Texas filibuster victory made possible by woman power
Something historic happened in Texas June 25. Texas women, spurred on by the support of women all across the country, refused to back down in the face of the latest assault on their rights. They flooded the capitol in what may have been the largest gathering in Texas history and disrupted a legislative session. According to right wing politicians they used “Occupy Wall Street tactics.” And guess what? THEY WON.
This charge was spearheaded by Texas Democratic State Senator Wendy Davis, who should be congratulated for the personal stand she took (literally) in attempting to carry out a 13 hour filibuster to block a vote on a bill that would have effectively taken away access to safe, legal abortion for millions of Texas women.
Davis went into that legislative session as a fighter. She wore sneakers and she brought a back brace, prepared to stand without leaning, sitting, food or bathroom breaks for 13 hours. The plan was to use parliamentary rules against the rest of the legislature, with the help of the other Democrats in the session.
But by themselves, parliamentary games played by politicians could not win women their rights that night. During her heroic filibuster, Davis was cited again and again for ludicrous violations of their rules. She was cited for “germaneness” when she raised the Planned Parenthood budget issue.
She was cited again when a fellow politician helped her with her back brace. She was cited for the third time when she dared to discuss a sonogram requirement in conjunction with the abortion bill. If the legislature is willing to admit that sonograms have nothing to do with abortions in this session, why did they pass a law requiring women to get sonograms before they can have an abortion last year?
When she received her third citation, the one that ended her filibuster at around 10:00pm, an audible “Bulls**t!” rang out from the crowd of hundreds of women who had gathered to show support for Davis in the chamber. These women were joined by thousands of women in and outside of the capitol and hundreds of thousands of women watching the proceedings closely via livestream and social media.
Women all across the country knew this was a crucial showdown. Women in New York City sent pizzas to the Texas state capitol to show support for the women protesting there. Thousands of women submitted pro-abortion testimony to Wendy Davis’s aides so that she could use it to pad out her 13-hour speech. The hashtags #SB5 and #standwithwendy were trending on Twitter all night.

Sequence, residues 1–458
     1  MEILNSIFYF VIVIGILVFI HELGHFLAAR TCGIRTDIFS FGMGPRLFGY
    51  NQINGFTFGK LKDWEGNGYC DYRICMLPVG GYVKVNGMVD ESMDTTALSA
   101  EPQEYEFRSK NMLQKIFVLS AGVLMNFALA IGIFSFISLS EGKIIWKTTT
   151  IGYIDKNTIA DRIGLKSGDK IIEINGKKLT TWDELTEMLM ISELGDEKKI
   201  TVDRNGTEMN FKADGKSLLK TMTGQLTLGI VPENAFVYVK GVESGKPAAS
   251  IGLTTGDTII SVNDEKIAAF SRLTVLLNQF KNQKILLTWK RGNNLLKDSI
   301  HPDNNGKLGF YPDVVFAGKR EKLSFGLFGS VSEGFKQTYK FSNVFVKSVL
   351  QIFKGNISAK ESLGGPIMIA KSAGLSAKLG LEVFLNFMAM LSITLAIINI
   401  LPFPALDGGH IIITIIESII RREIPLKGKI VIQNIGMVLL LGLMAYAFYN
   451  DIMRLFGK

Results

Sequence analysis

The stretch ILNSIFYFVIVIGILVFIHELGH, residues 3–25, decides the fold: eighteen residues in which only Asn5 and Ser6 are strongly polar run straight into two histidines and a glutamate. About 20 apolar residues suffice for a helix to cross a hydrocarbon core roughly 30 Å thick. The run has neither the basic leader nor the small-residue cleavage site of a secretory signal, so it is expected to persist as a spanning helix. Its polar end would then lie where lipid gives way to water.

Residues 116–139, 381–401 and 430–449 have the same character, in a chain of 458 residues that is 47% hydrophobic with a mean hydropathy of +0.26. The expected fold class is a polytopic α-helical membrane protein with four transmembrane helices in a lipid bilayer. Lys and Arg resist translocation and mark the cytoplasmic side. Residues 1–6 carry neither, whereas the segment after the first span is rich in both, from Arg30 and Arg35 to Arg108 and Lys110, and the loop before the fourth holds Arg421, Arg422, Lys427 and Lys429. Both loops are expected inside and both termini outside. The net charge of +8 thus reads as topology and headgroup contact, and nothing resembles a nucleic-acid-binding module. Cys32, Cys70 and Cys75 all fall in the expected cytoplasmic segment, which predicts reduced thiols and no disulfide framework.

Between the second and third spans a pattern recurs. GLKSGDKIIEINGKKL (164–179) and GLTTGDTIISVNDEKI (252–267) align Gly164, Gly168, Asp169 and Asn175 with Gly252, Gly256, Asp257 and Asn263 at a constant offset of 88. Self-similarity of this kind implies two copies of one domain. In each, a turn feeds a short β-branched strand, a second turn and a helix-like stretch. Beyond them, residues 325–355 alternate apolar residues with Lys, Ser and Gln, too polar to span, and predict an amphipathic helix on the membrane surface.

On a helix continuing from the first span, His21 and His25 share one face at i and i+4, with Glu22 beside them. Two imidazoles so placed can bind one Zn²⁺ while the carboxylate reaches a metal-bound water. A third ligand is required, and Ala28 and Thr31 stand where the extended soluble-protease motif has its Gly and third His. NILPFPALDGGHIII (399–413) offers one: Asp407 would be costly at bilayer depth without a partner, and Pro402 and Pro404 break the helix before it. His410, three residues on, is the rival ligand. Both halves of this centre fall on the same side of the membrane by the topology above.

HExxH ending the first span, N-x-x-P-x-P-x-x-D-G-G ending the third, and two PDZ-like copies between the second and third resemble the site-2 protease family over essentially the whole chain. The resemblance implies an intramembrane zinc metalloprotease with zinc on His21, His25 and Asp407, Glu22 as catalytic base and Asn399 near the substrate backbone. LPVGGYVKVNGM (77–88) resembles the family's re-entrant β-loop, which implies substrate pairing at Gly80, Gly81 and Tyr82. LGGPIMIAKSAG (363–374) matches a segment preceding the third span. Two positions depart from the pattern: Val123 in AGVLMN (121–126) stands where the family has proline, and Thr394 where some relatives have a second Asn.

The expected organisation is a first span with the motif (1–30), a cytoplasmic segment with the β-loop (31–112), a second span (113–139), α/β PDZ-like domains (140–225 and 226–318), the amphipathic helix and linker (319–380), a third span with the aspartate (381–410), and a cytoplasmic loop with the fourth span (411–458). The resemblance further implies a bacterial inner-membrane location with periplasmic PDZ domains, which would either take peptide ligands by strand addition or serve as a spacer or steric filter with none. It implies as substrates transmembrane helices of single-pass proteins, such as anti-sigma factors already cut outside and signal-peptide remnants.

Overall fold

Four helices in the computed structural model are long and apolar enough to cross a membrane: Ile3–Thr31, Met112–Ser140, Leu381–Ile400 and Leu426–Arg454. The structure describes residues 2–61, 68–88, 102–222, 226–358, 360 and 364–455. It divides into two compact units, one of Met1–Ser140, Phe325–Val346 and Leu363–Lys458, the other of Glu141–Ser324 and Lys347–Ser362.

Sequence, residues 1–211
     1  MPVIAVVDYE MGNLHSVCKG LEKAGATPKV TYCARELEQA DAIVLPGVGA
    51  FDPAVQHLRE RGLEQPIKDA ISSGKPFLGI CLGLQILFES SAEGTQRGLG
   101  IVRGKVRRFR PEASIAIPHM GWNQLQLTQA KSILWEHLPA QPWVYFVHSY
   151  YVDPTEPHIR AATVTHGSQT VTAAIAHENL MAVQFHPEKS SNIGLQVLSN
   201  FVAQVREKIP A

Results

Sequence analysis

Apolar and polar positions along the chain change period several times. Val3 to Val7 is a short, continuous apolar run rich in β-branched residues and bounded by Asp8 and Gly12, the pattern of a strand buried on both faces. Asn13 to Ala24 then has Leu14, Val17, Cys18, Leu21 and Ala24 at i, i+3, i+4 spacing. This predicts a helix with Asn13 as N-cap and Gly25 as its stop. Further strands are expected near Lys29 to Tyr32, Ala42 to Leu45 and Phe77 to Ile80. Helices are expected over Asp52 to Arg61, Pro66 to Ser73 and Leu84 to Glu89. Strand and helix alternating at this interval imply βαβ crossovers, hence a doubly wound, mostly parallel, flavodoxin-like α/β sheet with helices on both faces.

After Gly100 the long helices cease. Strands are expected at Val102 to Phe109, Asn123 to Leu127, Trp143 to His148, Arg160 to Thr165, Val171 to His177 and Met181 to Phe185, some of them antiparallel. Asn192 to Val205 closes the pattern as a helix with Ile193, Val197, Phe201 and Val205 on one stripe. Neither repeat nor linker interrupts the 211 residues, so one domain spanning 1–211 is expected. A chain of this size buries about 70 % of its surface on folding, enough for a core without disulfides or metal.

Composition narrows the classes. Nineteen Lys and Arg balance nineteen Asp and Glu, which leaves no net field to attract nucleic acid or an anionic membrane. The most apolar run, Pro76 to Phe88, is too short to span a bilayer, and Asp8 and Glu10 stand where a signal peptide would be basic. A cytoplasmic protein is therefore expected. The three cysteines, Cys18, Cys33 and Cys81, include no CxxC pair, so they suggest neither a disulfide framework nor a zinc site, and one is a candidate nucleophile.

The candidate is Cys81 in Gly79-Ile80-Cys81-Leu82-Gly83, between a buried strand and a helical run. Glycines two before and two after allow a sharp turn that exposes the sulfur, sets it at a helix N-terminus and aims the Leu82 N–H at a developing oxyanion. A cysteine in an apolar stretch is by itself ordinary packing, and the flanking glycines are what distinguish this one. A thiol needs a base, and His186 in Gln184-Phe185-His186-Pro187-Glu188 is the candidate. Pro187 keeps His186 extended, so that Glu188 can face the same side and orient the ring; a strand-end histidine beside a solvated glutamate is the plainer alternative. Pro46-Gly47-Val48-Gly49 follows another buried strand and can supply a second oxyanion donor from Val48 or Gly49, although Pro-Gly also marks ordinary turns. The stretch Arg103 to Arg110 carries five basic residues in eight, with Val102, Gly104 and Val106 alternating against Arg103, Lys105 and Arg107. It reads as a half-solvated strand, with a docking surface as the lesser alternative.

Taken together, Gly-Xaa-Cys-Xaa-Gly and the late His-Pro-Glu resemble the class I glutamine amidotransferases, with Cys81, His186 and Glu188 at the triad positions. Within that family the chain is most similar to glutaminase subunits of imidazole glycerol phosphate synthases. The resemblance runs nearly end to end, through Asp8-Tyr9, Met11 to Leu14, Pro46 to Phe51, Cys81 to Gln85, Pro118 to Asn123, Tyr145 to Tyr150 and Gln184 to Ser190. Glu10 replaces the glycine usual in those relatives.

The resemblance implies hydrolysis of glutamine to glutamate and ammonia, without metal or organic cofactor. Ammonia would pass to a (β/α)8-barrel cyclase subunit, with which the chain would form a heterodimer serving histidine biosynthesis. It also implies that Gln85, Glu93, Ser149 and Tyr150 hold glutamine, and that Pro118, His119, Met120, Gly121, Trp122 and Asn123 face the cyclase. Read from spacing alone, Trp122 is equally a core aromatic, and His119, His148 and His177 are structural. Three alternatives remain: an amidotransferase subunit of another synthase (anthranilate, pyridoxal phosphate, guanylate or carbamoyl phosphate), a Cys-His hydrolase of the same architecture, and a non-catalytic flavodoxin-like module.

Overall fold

Once Davis’s speech was ended by parliamentary formalities, the masses of angry women stepped in. With less than 20 minutes on the clock, the state legislature began the roll call for voting on the bill. If they couldn’t vote before midnight, they could not pass this bill. Everyone knew something needed to be done.
With over 120,000 people watching on livestream, the crowd erupted in the Texas capitol. The right wing politicians banged their gavels and called for order -- but they must have forgotten that where there is no justice, there can be no peace.
The women in the capitol knew that all eyes were on them, that at that moment no elected official could save them and they had to act up to save themselves.
So they cheered, they chanted, they booed and they disrupted that legislative session long enough to keep the vote from happening before midnight. Riot police were called to clear out the capitol, but the women would not go. They filled the rotunda. They refused to play by the rules of a system that would keep them oppressed. Their militancy and determination brought us a historic victory for all women.
Republicans argued that despite the disruption, the bill was passed at 12:01, but it was declared invalid. Hundreds of thousands of people had witnessed what happened. The right-wing politicians couldn’t violate their own rules because the people would hold them accountable.
History proves again and again: when the people fight back, the people win. There is a long tradition of disrupting hearings on women’s issues throughout the feminist movement. Our foremothers were once considered an “unruly mob.” That is precisely the kind of struggle that won us these rights to begin with.
We must continue to build this movement. The fierce women of Texas have shown us the way. You do not have to be an elected official to fight for women’s rights. Just organize, organize, organize and refuse to go one step back!
We will continue the fight in that spirit, in Texas and everywhere.